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June 1928

The Physiology of Exercise.

Arch Intern Med (Chic). 1928;41(6):925-926. doi:10.1001/archinte.1928.00130180158011

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The subtitle of the book more nearly describes the character and aims of the book since it is essentially a textbook for students in physical education rather than a monograph on the physiology of exercise. The first half of the book is devoted to the general effects of exercise on bodily functions such as circulation, blood pressure, heart rate, blood composition, and the effects of exercise in the way of training and neuromuscular mechanism. The second part deals more specifically with the effects of certain types of exercise such as gymnastics, swimming, rowing and running on the bodily functions. There is a chapter on Physical Efficiency Tests and a concluding chapter on the Physiology of Training. Each chapter is concluded with a fairly complete bibliography and a detailed set of questions covering the content of each chapter. These questions appear like elementary examination questions.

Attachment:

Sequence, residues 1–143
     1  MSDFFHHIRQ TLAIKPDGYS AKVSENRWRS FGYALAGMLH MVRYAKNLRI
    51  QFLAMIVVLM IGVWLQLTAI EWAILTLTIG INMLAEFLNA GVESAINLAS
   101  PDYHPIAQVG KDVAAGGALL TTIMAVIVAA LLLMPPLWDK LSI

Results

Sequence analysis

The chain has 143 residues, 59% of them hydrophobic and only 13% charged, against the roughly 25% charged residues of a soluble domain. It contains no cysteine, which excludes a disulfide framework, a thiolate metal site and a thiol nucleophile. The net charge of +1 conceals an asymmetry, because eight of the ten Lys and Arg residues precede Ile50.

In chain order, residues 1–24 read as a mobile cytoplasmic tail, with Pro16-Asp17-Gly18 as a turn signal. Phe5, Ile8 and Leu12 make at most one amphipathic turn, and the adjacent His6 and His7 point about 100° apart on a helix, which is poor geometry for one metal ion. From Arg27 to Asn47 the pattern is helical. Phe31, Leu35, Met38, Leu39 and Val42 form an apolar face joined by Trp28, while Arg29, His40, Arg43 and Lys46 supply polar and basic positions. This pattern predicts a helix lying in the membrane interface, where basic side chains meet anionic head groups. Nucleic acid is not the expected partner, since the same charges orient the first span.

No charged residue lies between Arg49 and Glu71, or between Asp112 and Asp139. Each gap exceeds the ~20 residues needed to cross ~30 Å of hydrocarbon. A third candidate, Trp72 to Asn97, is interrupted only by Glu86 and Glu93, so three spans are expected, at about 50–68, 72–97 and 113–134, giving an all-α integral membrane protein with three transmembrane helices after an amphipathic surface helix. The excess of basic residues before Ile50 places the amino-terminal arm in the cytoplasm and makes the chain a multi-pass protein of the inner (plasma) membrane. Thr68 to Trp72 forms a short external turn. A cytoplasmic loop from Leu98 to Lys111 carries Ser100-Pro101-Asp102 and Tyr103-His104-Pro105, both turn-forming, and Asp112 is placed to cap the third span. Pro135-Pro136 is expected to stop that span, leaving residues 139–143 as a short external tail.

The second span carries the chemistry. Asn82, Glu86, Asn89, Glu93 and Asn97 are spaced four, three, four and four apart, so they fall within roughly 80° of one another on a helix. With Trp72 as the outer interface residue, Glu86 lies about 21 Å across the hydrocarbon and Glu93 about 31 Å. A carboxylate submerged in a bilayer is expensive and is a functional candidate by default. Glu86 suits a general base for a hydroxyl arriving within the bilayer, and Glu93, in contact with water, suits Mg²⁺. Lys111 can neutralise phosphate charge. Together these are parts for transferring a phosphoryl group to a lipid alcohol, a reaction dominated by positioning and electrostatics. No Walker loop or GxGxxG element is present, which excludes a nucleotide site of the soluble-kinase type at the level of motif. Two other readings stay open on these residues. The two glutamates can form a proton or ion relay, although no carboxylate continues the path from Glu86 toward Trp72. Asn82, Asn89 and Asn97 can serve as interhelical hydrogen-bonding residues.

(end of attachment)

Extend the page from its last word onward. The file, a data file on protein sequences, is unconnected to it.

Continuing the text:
The author appears conversant with the

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